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Windows Vista activation 'unlocked' with OEM BIOS hack

Tool released by TEAM PARADOX used to emulate OEM BIOS information

Windows Vista Ultimate as activated using OEM BIOS emulation method
Leaked OEM BIOS files lead to Windows Vista activation bypass

Microsoft last week confirmed the existence and effectiveness of a method to bypass Windows Vista activation. Microsoft senior product manager Alex Kochis posted on the MSDN Windows Genuine Advantage blog details of Microsoft’s OEM BIOS-based activation system and how it can be used to illegally activate nearly any version of Windows Vista.

This form of product activation is also known as OEM Activation or just OA,” Kochis wrote. “Back at the launch of Windows XP when Microsoft introduced Windows Product Activation, we recognized that as easy as end-user activation is, it still represented an extra step.

“In an effort to reduce the impact of even that extra step but maintain the overall effectiveness of product activation, Microsoft worked with OEMs to develop an implementation that would work best for them and their customers while keeping the goals of product activation clearly in focus. As we looked to develop a solution, it was important to ensure that product activation technology could still deliver an acceptable degree of protection, while at the same time, reduce the need for an extra step by the end user.”

Large system builders who tend to ship large numbers of PCs with Windows preinstalled have the ability during their manufacturing processes to identify systems that will ship with Windows pre-installed. Sales numbers are reported to Microsoft, who partners with such OEMs to place a marker in the BIOS of the system’s motherboard to identify PCs that were to be pre-installed with licensed copies of Windows XP or Vista. Kochis said that the special BIOS marker enables a copy of Windows verify that it is properly licensed without the need for activation.

The most recent OEM BIOS hack in question applies to Windows Vista, where a hacker group known as “TEAM PARADOX” obtained the hardware-embedded BIOS information from OEMs Asus, Acer, HP and Lenovo to emulate on illegitimate systems for the purpose of activation.

According to the documentation released along with the hacking software tools by TEAM PARADOX, “the basic concept of the tool at hand is to present any given BIOS ACPI_SLIC information to Windows Vista's licensing mechanism by means of a device driver. In combination with a matching product key and OEM certificate this allows for rendering any system practically indistinguishable from a legit pre-activated system shipped by the respective OEM.”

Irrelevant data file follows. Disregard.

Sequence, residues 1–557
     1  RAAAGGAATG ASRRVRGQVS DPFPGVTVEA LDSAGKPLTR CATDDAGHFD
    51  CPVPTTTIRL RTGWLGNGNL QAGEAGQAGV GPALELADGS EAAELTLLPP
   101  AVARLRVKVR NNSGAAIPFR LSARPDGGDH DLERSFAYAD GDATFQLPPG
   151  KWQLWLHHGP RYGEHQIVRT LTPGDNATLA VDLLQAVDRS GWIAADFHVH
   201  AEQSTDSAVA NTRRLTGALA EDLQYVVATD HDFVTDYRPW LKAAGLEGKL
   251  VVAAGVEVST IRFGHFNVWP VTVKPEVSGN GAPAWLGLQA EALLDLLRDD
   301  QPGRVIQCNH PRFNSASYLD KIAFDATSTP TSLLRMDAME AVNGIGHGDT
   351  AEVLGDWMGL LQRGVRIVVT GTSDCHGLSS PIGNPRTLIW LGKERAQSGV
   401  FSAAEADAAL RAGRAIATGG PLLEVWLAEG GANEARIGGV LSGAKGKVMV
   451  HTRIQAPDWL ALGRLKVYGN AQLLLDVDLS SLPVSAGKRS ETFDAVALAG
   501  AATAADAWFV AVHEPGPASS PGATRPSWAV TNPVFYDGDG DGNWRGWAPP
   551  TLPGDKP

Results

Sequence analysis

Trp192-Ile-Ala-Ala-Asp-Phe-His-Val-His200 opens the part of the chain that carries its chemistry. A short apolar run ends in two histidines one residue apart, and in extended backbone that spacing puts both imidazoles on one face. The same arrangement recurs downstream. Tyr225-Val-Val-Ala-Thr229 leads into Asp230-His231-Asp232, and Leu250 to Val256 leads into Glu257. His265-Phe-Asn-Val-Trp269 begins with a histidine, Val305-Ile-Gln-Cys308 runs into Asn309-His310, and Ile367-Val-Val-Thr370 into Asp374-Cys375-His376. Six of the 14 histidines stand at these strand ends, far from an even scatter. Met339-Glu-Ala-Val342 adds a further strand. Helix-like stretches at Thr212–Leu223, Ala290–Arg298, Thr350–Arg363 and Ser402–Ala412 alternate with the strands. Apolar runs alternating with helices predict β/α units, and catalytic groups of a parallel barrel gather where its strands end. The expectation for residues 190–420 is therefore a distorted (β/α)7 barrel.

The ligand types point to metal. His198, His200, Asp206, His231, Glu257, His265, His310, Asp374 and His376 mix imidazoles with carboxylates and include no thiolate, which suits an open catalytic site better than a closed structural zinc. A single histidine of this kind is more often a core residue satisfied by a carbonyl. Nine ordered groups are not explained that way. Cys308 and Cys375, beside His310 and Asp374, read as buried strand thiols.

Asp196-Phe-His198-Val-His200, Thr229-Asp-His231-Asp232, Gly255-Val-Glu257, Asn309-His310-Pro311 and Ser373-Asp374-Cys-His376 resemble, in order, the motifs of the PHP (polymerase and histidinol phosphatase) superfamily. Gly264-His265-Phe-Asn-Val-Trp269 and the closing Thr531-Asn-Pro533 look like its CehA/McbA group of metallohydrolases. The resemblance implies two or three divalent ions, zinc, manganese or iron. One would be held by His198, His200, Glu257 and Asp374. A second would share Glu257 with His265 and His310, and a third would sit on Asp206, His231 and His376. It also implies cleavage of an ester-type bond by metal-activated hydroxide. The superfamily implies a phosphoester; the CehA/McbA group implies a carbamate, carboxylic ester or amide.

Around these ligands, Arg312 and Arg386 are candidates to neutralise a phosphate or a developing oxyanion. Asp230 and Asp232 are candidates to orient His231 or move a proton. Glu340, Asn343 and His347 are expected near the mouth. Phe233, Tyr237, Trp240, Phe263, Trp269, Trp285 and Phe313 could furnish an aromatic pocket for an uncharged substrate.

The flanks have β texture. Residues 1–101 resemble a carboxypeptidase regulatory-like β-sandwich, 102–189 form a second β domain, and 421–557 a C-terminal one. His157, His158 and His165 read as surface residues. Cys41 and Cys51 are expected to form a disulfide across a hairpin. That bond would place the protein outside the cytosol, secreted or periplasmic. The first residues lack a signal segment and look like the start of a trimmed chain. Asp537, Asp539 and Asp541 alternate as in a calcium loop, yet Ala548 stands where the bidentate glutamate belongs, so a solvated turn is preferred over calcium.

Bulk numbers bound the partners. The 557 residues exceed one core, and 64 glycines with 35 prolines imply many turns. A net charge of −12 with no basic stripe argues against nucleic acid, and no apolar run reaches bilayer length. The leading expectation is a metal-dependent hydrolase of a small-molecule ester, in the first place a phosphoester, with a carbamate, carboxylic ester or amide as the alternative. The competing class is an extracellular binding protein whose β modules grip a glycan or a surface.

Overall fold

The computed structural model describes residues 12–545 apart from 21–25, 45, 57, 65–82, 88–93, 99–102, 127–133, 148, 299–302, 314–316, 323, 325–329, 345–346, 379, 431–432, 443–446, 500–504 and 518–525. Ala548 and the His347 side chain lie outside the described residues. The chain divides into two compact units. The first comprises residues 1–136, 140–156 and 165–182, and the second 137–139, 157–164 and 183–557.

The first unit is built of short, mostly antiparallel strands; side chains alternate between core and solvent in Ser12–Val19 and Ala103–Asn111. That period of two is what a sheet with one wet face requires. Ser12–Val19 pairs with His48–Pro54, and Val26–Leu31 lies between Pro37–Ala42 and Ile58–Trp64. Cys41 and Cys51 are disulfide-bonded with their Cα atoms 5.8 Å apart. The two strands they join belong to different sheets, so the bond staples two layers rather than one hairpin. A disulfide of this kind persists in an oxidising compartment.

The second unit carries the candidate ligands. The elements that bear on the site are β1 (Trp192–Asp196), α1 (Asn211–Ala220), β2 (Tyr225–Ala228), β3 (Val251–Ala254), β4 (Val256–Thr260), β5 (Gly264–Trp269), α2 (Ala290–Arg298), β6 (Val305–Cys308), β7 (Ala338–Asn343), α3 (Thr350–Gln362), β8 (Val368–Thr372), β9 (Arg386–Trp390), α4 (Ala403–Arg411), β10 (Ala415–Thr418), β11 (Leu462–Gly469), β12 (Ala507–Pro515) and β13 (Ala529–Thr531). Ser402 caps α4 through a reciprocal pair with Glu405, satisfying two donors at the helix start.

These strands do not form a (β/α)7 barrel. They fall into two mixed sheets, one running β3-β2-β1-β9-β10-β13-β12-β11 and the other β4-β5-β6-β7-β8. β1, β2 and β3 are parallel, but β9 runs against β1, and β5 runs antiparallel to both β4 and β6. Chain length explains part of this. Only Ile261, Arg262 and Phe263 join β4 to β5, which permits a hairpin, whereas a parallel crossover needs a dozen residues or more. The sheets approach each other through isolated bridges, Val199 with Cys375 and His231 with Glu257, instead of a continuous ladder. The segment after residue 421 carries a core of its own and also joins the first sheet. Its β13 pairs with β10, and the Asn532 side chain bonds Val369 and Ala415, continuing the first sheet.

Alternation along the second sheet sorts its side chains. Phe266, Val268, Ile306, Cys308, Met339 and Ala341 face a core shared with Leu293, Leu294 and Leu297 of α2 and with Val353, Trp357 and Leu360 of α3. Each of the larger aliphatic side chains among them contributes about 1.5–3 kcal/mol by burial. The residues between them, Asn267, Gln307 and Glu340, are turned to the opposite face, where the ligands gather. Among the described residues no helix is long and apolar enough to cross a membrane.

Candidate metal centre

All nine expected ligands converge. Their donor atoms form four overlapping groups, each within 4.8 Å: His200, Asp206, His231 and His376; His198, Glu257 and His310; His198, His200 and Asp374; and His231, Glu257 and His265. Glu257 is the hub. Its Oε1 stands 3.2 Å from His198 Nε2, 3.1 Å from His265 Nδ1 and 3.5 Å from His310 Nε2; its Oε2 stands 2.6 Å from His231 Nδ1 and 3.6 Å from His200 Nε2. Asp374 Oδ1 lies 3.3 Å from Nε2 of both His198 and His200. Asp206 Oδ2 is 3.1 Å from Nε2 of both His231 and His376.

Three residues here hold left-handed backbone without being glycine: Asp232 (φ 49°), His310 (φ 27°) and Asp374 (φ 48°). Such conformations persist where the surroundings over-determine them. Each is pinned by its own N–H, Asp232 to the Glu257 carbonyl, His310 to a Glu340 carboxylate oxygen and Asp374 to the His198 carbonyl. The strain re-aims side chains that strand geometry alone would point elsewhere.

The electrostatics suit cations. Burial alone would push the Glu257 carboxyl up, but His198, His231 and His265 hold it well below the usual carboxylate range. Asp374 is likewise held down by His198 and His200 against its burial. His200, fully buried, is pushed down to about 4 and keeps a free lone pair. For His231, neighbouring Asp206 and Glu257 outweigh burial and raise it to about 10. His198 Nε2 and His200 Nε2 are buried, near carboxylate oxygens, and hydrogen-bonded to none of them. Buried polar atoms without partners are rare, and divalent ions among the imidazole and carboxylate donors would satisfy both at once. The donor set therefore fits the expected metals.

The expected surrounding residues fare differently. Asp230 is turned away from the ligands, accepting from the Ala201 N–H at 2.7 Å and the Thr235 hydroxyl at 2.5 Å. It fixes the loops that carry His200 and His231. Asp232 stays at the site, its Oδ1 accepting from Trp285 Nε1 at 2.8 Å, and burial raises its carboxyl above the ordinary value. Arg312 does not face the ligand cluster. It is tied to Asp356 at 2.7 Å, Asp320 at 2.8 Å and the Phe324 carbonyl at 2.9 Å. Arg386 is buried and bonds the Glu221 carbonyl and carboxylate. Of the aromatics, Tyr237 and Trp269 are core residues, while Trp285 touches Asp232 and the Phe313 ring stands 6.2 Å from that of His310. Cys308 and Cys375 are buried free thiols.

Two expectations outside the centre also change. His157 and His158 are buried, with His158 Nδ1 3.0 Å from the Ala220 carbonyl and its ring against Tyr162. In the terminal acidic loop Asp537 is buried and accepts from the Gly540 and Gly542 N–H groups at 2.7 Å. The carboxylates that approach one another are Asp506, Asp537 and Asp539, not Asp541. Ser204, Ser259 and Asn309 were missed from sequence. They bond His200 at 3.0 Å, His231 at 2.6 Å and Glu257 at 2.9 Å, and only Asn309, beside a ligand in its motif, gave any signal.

The OEM BIOS hack, exposing the special BIOS from various OEMs is acknowledged by Microsoft. Kochis responds, “While this method is easier to implement for the end user, it's also easier to detect and respond to than a method that involves directly modifying the BIOS of the motherboard.”

Microsoft said that the same hack can also be carried out not only in software emulation, but also by modifying the hardware with reprogramming the BIOS. The latter method, however, is less of a concern to Microsoft, as the company deems that it “doesn't scale well to large numbers of systems, which makes it less of a threat.”

The Microsoft senior product manager said that the hack is nothing new. “Over the years we've seen examples of BIOS editors that, with some work, allowed people to make an edited BIOS appear to be an OEM BIOS. In Windows XP this kind of BIOS editing wasn't as difficult as it is in Windows Vista and frankly, because there were easier ways to pirate Windows XP, I don't think much attention was ever paid to it,” explained Kochis. “However, because Windows Vista can't be pirated as easily as Windows XP, it's possible that the increased pressure will result in more interest in efforts to hack the OEM Activation 2.0 implementation.”

Although Microsoft is well aware of the effectiveness of the OEM BIOS hack, the software giant does not appear to have plans of curbing this apparent exploit. “We focus on hacks that pose threats to our customers, partners and products,” Kochis wrote. “Our goal isn't to stop every 'mad scientist' that's on a mission to hack Windows. Our first goal is to disrupt the business model of organized counterfeiters and protect users from becoming unknowing victims.”

Another publicized hack to avoid Windows Vista activation is stopping the grace period countdown timer. Those who do not wish to introduce unknown files to their machines but still wish to stave off activation can do so with a simple command, which can extend the trial period to as much as a year.

In February, Microsoft CEO Steve Ballmer said that piracy was to blame for the slow initial sales of the new operating system. Then in March, the software company announced that the sale of Windows Vista licenses more than doubled those of Windows XP during its first month of availability.





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